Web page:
Now using the above class files, let us see how we can make use of LINQ operations to bind the data to the GridView control.

Select the DropDownList, which shows the list of technologies, and add the following code for the SelectedIndexChanged event.

Listing 4

ListPositionDetails PosDetList = newListPositionDetails(Convert.ToInt32
  (TechnologyList.SelectedValue));
GridViewLINQ.DataSource = from PositionDetailsin PosDetList.ListPosDetails
  orderby PositionDetails.Experience selectPositionDetails;
GridViewLINQ.DataBind();

The DataSource for the GridView component is a direct SQL like statement, which makes use of the PosDetList object.  The PosDetList has the collection of current open positions for the selected technology.  This is similar to an SQL Statement and is dynamic.

The best thing is that the LINQ is strongly-typed. If I used SQL statement to fetch the details, I would not be able to get the errors in my SQL statement at design time. But here, the compiler will give the errors in the queries during compile time itself.

Figure 2

 

We can have conditions in queries.  For example, if I want to list all open positions for the selected .NET technology which requires more than 3 years of experience, then I can change the query as shown below.

Listing 5

ListPositionDetails PosDetList = newListPositionDetails(Convert.ToInt32
  (TechnologyList.SelectedValue));
GridViewLINQ.DataSource = from PositionDetailsin PosDetList.ListPosDetails
  whereConvert.ToInt32(PositionDetails.Experience) > 3 orderby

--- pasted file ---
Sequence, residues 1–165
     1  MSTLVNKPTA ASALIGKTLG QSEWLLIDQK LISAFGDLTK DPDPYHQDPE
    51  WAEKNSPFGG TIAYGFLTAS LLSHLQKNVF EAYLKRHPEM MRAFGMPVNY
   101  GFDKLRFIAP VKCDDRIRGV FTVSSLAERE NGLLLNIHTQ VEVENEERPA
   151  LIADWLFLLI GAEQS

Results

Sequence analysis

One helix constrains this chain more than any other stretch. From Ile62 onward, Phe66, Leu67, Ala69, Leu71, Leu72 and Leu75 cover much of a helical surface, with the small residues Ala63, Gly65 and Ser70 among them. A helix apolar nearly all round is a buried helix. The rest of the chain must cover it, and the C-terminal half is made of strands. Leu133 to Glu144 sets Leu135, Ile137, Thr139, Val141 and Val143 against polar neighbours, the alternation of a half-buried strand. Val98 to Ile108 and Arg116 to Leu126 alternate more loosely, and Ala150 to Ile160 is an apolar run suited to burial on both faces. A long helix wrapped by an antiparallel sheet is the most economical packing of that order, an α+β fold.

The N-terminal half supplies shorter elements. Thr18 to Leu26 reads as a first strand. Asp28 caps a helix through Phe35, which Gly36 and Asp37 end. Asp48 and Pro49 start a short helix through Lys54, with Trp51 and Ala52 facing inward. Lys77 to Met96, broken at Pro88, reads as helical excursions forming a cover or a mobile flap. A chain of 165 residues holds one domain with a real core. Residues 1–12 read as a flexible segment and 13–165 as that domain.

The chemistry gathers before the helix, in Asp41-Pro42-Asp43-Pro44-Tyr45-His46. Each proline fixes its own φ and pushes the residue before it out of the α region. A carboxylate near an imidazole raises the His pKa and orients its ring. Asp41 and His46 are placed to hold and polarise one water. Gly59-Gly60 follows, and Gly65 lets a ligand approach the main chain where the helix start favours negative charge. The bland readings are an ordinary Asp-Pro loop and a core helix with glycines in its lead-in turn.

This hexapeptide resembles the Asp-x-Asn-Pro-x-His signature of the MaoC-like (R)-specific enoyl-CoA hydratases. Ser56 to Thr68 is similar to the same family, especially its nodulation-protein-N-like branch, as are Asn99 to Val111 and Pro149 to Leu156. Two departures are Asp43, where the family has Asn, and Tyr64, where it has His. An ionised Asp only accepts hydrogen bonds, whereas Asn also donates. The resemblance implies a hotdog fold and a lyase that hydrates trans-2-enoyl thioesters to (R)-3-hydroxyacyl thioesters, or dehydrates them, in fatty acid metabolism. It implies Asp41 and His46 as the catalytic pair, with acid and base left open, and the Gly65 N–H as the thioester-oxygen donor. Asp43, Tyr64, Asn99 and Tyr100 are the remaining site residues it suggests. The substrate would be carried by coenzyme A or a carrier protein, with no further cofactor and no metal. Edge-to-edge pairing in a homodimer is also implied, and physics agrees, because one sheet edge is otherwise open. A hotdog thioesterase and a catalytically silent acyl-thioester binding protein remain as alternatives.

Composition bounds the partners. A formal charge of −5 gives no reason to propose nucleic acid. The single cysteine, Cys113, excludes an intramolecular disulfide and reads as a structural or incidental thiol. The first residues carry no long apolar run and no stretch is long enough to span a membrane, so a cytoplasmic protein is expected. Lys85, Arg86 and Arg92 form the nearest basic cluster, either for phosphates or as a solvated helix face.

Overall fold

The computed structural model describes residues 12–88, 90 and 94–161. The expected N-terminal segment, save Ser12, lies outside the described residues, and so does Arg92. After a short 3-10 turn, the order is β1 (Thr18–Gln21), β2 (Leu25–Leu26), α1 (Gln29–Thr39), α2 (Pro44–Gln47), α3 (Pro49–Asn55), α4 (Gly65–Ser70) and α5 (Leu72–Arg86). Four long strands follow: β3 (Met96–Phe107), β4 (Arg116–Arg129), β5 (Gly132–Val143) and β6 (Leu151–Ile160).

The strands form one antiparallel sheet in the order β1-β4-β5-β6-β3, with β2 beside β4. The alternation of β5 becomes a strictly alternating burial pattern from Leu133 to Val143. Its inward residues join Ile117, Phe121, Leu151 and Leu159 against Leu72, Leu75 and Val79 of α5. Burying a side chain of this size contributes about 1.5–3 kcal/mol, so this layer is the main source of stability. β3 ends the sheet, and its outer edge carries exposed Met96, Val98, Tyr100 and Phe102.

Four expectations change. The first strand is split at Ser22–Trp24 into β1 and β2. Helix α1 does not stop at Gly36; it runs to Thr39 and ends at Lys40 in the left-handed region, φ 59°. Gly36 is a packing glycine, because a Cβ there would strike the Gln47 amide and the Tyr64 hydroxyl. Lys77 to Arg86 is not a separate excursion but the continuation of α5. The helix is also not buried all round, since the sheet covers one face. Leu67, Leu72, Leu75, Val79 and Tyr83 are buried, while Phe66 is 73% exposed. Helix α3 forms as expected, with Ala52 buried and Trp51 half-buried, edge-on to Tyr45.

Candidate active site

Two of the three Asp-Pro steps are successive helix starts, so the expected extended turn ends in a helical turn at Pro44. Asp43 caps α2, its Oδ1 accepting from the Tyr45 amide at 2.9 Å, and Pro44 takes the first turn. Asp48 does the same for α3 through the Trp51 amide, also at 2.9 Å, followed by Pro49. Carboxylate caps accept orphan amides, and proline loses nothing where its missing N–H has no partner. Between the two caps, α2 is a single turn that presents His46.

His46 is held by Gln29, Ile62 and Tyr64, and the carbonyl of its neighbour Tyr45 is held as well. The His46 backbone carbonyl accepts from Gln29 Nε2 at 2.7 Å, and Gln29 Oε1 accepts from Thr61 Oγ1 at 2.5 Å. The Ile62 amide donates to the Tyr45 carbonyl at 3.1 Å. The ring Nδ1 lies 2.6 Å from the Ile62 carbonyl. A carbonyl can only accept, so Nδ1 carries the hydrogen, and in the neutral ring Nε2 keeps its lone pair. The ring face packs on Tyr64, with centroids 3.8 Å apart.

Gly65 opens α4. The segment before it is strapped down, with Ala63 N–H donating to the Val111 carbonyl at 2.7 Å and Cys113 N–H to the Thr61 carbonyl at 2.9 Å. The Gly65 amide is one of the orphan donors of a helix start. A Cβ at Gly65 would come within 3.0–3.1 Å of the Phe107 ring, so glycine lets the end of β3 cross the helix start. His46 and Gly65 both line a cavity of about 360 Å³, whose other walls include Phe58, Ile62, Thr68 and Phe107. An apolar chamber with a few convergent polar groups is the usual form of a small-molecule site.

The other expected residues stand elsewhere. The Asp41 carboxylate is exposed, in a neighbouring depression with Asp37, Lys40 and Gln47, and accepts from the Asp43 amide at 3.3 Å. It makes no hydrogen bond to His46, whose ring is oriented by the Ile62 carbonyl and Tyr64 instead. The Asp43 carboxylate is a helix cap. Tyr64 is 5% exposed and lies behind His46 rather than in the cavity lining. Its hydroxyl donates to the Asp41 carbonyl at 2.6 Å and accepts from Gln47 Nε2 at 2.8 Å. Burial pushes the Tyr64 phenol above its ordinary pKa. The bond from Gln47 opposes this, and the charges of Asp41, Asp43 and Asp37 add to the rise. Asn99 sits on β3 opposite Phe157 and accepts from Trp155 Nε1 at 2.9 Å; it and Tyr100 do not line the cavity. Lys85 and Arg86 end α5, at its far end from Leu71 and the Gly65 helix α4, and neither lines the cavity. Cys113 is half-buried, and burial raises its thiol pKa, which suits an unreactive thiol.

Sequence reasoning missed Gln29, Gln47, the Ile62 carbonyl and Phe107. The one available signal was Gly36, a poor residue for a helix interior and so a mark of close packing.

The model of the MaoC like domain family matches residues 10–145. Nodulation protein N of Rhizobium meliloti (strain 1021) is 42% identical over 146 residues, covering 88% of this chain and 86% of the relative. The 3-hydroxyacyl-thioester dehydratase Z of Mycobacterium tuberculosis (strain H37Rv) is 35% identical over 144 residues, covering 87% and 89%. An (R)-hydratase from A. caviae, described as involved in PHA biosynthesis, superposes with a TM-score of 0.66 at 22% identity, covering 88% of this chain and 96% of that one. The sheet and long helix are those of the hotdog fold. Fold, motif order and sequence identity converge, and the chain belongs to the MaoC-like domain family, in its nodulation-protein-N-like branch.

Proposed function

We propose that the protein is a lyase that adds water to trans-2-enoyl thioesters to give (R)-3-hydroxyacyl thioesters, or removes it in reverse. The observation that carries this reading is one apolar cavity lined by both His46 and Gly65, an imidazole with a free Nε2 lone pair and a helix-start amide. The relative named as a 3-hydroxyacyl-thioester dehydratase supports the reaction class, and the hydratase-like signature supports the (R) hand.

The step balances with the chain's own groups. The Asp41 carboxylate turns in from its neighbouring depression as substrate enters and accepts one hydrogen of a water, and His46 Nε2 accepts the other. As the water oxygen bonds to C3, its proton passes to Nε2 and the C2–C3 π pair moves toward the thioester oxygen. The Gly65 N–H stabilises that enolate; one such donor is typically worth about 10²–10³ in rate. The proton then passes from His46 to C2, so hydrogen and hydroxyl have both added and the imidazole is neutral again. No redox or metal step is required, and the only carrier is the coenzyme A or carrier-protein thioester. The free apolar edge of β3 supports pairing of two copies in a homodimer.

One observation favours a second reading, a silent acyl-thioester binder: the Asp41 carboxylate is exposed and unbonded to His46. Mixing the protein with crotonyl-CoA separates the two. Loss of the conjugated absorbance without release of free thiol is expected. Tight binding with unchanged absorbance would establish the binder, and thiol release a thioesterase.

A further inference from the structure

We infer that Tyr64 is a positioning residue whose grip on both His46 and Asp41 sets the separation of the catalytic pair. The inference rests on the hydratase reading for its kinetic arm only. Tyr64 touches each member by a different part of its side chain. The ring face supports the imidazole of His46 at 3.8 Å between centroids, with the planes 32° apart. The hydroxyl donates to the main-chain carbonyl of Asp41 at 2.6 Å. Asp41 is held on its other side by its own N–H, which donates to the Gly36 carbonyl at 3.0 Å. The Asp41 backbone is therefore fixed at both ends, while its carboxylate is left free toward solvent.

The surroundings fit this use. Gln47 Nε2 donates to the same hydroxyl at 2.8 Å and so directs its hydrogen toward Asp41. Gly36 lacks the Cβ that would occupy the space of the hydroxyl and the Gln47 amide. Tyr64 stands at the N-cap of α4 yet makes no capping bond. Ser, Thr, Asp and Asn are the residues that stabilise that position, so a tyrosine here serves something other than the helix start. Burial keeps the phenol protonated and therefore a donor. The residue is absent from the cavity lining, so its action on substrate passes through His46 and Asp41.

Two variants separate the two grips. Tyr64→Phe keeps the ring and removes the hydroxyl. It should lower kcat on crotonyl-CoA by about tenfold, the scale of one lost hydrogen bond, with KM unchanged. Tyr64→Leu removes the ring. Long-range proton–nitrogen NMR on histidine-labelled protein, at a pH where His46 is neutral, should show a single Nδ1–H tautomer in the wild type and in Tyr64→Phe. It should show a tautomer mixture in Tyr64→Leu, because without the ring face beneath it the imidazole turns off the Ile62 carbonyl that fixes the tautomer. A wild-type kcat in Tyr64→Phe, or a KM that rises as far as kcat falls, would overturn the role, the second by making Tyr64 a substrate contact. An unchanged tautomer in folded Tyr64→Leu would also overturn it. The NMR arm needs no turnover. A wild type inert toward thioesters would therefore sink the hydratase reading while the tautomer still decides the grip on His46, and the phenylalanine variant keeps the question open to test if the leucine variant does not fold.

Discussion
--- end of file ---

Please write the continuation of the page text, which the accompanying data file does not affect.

PositionDetails.Experience selectPositionDetails;
GridViewLINQ.DataBind();

Now, the Grid displays only the records which have the Experience field value greater than 3.

Figure 3

Now we will change the query so that only two records are listed in the grid.  The query will look like the following.

Listing 6

ListPositionDetails PosDetList = newListPositionDetails(Convert.ToInt32
  (TechnologyList.SelectedValue));
GridViewLINQ.DataSource = (from PositionDetailsin PosDetList.ListPosDetails
  orderby PositionDetails.Experience selectPositionDetails).Take(2);
GridViewLINQ.DataBind();

Visual Studio 2005 provides the intellisense help when you write queries as give below.

Figure 4

Using Anonymous Types

LINQ takes the advantage of the Anonymous types.  This allows us to create types and use it inline without declaring the object model as we do normally.  This is very useful to customize the data.  In all the above examples you can see the total number of fields shown in the grid is six.  We may not need all the fields at all times.  Sometimes we may want to hide or show only the required fields.  Let us see how to do this easily using LINQ.  Change the query like the one below.

Listing 7

ListPositionDetails PosDetList = newListPositionDetails(Convert.ToInt32(TechnologyList.SelectedValue)); 
 
GridViewLINQ.DataSource = from PositionDetailsin PosDetList.ListPosDetails
orderby PositionDetails.Experience
select new {
 PositionDetails.SkillSet,
 PositionDetails.Experience, 
 PositionDetails.Details
};
GridViewLINQ.DataBind();

In the above code we can see only three fields in the select statement, which retrieves only three fields instead of all six fields.

Summary

The above examples are just an introduction to LINQ.  There are lots of cool features that come with DLINQ and XLINQ.  Using LINQ we do not need to create more controls and entity classes as we do normally.  There are lots of properties and methods provided for the LINQ queries.  There is a DLINQ designer by which we can create the LINQ Objects without writing any code and creating the user interface forms for the applications much faster.